My highlight of two weeks ago was talking to Animal Grantmakers at their annual conference about the connection between organization values and grantmaking practices.
To prepare, I did a quick survey of participant websites looking for explicit and implicit values. In addition to the core focus of caring for, saving, and advocating for animals, these were the most common values I saw for Animal Grantmakers, which I think will resonate with most funders:
- Impact/results – expectation of real change as a result of the grant
- Collaboration – the funder sees itself as working hand-in-hand with grantees as equals
- Ingenuity, Risk taking or innovation – funders are open to new ideas or solutions to problems
- Stewardship – a recognition that the resources entrusted to the funder are there for the public good and the funder takes that responsibility seriously
- Diversity/inclusiveness – in the grantmaking organizations, in the grantees,
- Knowledge or learning – grants should move the work and field conversations forward
I learned so much from the grantmakers in the room about new approaches they are trying to “walk the talk” and ensure their practices support their values. My favorite was the idea to send a short (5 question) survey at the end of a grant in lieu of requesting report. This helps decrease the time needed to follow up on overdue reports, reduce grantseeker time since the “report” is shorter and more focused, and gives the funder data in a consistent format to make assessment of results across a grantmaking portfolio easier. This approach supports values on impact since the grantee can spend more time doing versus reporting on doing, and on stewardship as it gets the funder the information needed to assess their investment.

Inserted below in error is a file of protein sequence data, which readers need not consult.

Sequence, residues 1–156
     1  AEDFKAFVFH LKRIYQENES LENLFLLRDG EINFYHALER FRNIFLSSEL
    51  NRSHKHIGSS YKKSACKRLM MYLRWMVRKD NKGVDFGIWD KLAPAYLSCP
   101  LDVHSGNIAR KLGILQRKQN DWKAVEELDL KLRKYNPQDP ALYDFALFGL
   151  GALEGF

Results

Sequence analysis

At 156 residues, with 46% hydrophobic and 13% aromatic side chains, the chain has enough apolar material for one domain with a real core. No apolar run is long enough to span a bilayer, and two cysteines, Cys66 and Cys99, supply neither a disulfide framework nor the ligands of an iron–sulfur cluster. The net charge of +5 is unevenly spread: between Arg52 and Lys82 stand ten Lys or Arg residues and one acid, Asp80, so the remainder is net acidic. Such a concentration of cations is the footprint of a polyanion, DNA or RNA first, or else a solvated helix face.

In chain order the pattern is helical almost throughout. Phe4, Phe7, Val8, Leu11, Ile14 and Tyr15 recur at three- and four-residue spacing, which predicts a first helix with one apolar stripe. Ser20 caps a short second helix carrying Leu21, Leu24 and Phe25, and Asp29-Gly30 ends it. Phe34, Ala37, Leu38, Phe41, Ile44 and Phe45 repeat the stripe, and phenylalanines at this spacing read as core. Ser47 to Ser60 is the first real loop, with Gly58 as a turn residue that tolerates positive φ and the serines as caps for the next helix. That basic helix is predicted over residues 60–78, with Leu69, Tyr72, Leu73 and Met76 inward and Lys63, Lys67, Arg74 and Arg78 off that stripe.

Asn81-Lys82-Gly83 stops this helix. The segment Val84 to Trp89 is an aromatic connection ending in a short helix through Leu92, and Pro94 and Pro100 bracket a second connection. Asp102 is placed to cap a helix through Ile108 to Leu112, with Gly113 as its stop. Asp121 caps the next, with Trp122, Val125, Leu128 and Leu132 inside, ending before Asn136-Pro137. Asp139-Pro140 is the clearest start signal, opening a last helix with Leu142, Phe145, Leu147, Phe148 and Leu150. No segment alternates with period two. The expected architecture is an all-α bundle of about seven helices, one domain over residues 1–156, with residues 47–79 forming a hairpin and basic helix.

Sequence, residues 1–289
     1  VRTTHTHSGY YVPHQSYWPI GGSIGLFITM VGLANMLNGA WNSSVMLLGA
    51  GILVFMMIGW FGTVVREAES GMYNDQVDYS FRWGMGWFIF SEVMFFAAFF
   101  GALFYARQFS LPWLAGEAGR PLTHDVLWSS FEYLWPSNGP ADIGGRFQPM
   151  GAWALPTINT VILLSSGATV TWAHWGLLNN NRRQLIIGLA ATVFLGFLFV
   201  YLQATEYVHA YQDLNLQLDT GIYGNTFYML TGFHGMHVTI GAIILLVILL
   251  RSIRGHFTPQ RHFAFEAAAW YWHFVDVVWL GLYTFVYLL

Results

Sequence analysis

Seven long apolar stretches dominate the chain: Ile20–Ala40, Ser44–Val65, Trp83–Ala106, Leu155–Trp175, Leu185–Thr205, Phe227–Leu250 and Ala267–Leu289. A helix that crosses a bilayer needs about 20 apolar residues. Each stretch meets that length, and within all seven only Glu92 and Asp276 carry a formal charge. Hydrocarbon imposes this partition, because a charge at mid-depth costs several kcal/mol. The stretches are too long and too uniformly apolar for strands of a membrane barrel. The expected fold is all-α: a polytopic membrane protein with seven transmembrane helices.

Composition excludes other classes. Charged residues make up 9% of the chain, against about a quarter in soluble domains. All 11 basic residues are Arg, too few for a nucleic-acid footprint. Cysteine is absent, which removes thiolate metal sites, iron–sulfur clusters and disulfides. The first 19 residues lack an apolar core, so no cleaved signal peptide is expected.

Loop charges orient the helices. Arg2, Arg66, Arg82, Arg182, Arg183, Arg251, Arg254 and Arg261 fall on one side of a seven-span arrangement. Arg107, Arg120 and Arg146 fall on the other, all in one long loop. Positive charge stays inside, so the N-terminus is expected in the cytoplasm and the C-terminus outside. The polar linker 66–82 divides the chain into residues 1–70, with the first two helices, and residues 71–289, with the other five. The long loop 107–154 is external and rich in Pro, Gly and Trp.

We also heard about practices that are disconnected from values. One funder shared that it was unable to set grant terms to align with the grantee’s organization or project timeline as they didn’t have the staff capacity to customize individual grants. Funders who don’t align grant terms miss out on getting the best information to support knowledge and learning values as the grantee might not yet have the best data and information to share with the funder. It also adds a significant burden to the grantee to create customized narrative and financial reports on a timeline that has no relationship to the organization’s work undermining collaboration and partnership values.
We ended the conversation with a call to action—asking participants to commit to aligning practices to support their values. Here are a few examples of changes on the way for these grantmakers:
- Provide a response to a grant request within a specific period of time.
- Streamline eligibility guidelines
- Focus/target funding to make an impact on specific issues.
- Scale the requirements of the grant to the size of the grant.
- Move to online applications and reporting
- Simplify the process.
What will you do to follow in their footsteps to align your practices with your values?